At about 9am yesterday morning I bought some wild black raspberries at our tiny farmer’s market. Gladly I paid three dollars for the large container. I know the young person selling the berries and I know she found them growing wild in this immediate area. As soon as I saw the berries I immediately thought of my mom and her berry picking excursions that usually included me very much against my will. At this point I started telling the group of neighbours gathered at the teeny market about some of the very close to the surface memories of my mom. They suggested I write about these preserved thoughts and as I have had a patch of dried up and fruitless writing lately I turned on the computer .I picked my usual late hours to produce this mixture of plucked recollections, revised a few words here and there and went by my old recipe of writing from the heart.
Throughout her youth, maturity and old age my mom was in tune with the seasons and made the very most of every available harvest. Berry picking was one of the most tedious things I could think of doing as I was not as motivated as she was by the hard work, strain, heat, exhaustion and endless boxes of berries from our own patch or from other commercial sources. I would rather read, act out stories, play with our puppies and daydream.
Despite this attitude I continued as the many years went by to suggest to mom that if she would like to go berry picking I would go along or drive her to a local “upick” place as I knew it would be fun for her. Once we were driven by a farmer to the very back of a huge field and dropped off for the day so she could pick to her heart’s content. She was well over ninety years old, decked out in shorts and long sleeved shirt with a berry pail attached to her waist with a belt and jauntily wearing a sun hat and her favourite white nurse’s shoes and ankle socks. She was pretty impressive and caught the attention of several younger pickers working their way down the enormous patch. When she saw student pickers taking a break and resting she gave them a piece of her mind and told them they better get busy picking berries if they wanted to make any money. My job was to run the boxes of berries she picked to the end of the rows so they could be gathered up at the end of the day’s pickathon.That day my legs ached and I sweltered in the heat in total sympathy with the student pickers but she seemed content and very proud indeed of her huge harvest. We drove around later to show the relatives what she had picked like it was some kind of athletic achievement to have the entire car full of stacked flats of berries !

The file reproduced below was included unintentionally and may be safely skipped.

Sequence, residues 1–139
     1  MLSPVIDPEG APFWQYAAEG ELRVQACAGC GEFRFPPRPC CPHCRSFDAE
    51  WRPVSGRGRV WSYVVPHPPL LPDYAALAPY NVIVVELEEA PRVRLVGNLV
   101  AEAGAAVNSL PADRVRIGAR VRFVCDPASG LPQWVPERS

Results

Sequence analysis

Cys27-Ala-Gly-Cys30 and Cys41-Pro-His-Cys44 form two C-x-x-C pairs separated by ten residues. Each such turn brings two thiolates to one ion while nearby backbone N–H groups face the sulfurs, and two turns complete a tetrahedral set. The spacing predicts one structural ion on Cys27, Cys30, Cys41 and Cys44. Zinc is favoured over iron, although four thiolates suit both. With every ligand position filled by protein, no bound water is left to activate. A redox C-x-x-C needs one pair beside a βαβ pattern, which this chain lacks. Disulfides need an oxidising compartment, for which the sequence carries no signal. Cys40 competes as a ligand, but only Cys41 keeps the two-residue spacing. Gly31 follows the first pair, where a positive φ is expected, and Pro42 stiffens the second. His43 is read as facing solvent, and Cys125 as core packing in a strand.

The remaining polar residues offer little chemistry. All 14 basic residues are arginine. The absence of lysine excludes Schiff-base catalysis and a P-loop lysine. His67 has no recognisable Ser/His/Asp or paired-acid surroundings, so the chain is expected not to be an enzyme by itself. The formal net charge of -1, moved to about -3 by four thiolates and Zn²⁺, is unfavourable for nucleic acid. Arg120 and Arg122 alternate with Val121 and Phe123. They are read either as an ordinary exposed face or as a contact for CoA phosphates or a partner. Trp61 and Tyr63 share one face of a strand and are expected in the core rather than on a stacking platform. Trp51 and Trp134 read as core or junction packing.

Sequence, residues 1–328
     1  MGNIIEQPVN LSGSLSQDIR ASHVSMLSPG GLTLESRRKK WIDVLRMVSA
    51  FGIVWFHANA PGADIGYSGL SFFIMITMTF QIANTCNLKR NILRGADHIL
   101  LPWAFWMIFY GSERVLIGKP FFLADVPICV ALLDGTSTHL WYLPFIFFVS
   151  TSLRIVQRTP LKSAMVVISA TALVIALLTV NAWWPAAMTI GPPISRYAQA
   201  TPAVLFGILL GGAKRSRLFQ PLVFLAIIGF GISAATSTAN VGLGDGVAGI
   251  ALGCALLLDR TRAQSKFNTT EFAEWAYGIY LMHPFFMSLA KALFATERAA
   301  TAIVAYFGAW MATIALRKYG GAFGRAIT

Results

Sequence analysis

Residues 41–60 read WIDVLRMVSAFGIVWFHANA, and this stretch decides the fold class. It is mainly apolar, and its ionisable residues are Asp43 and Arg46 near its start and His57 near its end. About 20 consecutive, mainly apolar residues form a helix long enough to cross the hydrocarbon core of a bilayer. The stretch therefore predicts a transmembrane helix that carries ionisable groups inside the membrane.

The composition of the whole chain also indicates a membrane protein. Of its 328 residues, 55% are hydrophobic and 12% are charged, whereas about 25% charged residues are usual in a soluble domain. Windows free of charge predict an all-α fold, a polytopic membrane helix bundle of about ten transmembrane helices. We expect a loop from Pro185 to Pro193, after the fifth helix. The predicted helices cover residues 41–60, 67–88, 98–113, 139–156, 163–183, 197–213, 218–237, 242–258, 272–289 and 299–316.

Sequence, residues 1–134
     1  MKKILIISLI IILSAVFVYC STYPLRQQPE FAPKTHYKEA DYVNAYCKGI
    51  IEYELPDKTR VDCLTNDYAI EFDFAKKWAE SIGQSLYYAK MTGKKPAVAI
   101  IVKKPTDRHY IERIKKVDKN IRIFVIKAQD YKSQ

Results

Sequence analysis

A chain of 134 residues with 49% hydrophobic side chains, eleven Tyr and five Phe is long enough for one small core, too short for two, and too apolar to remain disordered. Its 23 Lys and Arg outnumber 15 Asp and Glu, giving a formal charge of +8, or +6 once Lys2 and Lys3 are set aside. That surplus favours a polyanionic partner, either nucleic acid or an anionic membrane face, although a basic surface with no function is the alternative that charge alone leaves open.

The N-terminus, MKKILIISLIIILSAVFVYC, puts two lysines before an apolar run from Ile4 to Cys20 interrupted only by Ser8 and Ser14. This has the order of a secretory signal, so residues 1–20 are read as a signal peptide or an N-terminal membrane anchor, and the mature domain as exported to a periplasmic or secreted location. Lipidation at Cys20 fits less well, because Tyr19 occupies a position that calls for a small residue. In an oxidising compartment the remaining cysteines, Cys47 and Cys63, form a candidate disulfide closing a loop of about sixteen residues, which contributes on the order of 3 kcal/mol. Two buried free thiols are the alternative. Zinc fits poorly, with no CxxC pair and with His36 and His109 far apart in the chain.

Another time at another upick farm and she was in awe of the size of the operation. It was almost impossible to get her to leave the place. She seemed to feel it was her responsibility to pick over the already picked rows to glean the berries missed by others. I pointed out that other rows were untouched and just hanging with ripe fruit but she was determined to give these so called picked rows another going over just for the challenge of finding berries other people, unskilled in extreme berrypicking missed entirely. She stood by our car finally with all the berries we picked and was a bit miffed at having to pay the required full price by the owner.She had a point. These berries were the ones left by others, under the leaves and close to the ground. They had been picked and salvaged, saved from waste by her expertise. These berries had been given the treatment her own berry patch was used to, a thorough going over, a picked patch, a job well done.
Again I was glad to finally get her out of there and home for supper. After eating a warmed up dinner of leftovers and several cups of strong tea and a soup bowl of fresh berries with sugar and milk we would face the cleaning and snuffing of the berries. I would sometimes help for a short time and then beg off to go home with excuses of lesson planning or childcare responsibilities. Mom would spend hours cleaning, snuffing, preserving and freezing the fruit, well into the night and totally pleased with her product. These berries made their way into pies and jam for the family and anyone else who would drop in for a visit.